Although the Zulus had rifles, they relied on their traditional weapons—the broad-bladed stabbing spear known as the assegai, light throwing spear, short club known as the knobkerrie, and an oval cowhide shield—for close-range fighting. The Zulus had had easy access to rifles for several decades leading up to the Anglo-Zulu war. The rifles were either smuggled into Zululand from the Natal or obtained from the Portuguese in Mozambique. The rifles, though, were outdated patterns, such as the Brown Bess flintlock. Zulus riflemen carried their shot in leather bags and powder in cowhorns.

The Zululs Begin Their Assault

Six hundred Zulus from the iNdluyengwe Regiment armed with black shields swept forward in the initial assault. These warriors attacked directly from their march to the mission post, racing toward the hospital and south wall. Chard gave the order to fire to 30 men behind the south wall when the enemy was 600 yards away. The riflemen maintained a steady fire, which began to tell on the Zulus at 400 yards. The Zulus did not rush headlong across such a broad swath of ground; instead, they darted from one place of cover to the next while continuing to close the distance.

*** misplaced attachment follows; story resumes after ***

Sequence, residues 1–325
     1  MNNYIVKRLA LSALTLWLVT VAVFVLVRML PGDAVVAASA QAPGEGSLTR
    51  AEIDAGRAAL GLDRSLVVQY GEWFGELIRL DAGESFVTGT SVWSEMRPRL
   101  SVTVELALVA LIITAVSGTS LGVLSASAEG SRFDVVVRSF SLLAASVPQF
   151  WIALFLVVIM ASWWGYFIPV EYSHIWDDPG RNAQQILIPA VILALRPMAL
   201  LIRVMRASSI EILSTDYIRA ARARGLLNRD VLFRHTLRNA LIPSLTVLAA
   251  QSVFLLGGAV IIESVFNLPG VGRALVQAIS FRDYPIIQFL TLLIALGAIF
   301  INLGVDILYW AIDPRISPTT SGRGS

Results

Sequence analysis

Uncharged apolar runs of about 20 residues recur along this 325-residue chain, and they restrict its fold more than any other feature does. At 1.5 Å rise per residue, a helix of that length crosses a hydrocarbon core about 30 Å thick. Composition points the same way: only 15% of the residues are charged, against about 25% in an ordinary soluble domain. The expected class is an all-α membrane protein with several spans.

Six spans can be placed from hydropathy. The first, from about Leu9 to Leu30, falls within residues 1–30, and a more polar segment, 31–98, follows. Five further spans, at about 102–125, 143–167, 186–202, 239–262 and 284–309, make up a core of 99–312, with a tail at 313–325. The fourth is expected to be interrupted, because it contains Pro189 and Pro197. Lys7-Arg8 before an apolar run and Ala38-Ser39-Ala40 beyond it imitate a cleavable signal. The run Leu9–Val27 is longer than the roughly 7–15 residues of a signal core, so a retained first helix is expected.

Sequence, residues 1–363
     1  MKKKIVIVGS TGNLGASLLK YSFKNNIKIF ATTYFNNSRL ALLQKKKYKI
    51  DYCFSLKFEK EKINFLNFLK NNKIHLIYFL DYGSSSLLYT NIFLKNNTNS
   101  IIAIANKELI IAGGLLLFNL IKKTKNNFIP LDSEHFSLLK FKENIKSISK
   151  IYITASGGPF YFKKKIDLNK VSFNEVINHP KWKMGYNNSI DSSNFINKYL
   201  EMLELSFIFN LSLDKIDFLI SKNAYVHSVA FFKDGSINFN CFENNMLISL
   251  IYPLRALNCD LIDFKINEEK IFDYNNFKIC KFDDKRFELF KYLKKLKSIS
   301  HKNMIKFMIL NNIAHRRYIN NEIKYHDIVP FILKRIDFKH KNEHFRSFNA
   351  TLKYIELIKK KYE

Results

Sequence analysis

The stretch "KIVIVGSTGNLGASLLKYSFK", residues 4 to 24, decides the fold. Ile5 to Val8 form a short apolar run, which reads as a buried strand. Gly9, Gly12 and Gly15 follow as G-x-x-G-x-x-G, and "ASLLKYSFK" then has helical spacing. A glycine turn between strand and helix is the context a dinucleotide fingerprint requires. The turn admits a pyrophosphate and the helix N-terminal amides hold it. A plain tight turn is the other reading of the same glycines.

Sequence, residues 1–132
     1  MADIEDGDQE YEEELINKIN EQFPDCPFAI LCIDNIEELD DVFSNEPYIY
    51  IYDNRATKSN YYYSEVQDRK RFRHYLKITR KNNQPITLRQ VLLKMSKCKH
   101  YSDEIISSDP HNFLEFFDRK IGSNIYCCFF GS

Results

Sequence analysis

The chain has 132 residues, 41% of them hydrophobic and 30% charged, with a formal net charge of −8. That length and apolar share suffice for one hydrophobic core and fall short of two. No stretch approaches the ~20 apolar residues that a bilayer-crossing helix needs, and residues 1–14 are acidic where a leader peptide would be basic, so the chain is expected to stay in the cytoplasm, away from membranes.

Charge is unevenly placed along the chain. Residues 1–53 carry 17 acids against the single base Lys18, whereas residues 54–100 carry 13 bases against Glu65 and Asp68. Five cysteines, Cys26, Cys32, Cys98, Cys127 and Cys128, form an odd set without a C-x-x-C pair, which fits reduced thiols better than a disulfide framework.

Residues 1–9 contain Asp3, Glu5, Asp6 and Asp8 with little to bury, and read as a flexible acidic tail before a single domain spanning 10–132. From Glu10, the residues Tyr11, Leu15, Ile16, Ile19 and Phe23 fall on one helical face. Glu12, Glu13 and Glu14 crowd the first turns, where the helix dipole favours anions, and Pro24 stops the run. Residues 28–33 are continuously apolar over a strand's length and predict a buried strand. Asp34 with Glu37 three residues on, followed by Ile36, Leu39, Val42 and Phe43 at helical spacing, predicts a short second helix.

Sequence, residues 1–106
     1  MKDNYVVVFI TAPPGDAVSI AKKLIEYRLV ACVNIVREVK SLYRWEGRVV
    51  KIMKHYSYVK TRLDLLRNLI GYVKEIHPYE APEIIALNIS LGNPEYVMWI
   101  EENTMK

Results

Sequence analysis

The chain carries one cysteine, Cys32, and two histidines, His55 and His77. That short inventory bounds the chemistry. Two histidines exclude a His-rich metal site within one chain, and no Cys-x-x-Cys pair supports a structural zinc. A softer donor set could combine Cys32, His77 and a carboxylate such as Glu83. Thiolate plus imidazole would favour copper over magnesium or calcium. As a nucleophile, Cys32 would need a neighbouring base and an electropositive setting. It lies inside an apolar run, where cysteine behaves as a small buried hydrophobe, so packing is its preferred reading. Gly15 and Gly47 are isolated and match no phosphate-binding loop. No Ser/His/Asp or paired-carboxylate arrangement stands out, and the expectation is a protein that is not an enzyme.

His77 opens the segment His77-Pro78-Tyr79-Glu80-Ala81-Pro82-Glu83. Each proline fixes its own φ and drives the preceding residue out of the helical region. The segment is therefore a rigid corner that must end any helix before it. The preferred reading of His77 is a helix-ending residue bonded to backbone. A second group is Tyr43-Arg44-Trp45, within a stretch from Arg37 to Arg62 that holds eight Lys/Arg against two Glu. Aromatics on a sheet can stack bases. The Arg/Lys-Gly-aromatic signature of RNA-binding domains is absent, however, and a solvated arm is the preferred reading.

As the Zulus closed to within 200 yards, more British rifles from other sectors of the perimeter were able to bring their fire against the attackers. The Zulus soon found themselves caught in a deadly crossfire from the hospital and the west wall near the storehouse. By the time the Zulus had closed to within 50 yards, their front rank had disappeared. Several dozen Zulus fell every few seconds. Unable to bear the hailstorm of bullets any longer, the iNdluyengwe fighters stayed under cover. The British had successfully weathered the first of what would be many attacks.

Just as the right wing of the iNdluyengwe offensive was being defeated, the left wing advanced. These warriors had veered around the hospital and taken cover in the dense scrub on the north side. Bromhead, Bourne, and Dalton rushed to the vicinity of the hospital compound to oversee its defense. Their confidence inspired the men around them. The Zulus concentrated their effort on the hospital compound. Through sheer weight of numbers, they threatened to overrun it. The two dozen British defending the compound poured a withering fire into the 200 Zulus making the desperate assault.

Acting Assistant Commissary James Dalton had experience constructing field fortifications, and he advised Chard and Bromhead to use grain sacks and biscuit boxes to shore up the defensive perimeter between the hospital and storehouse.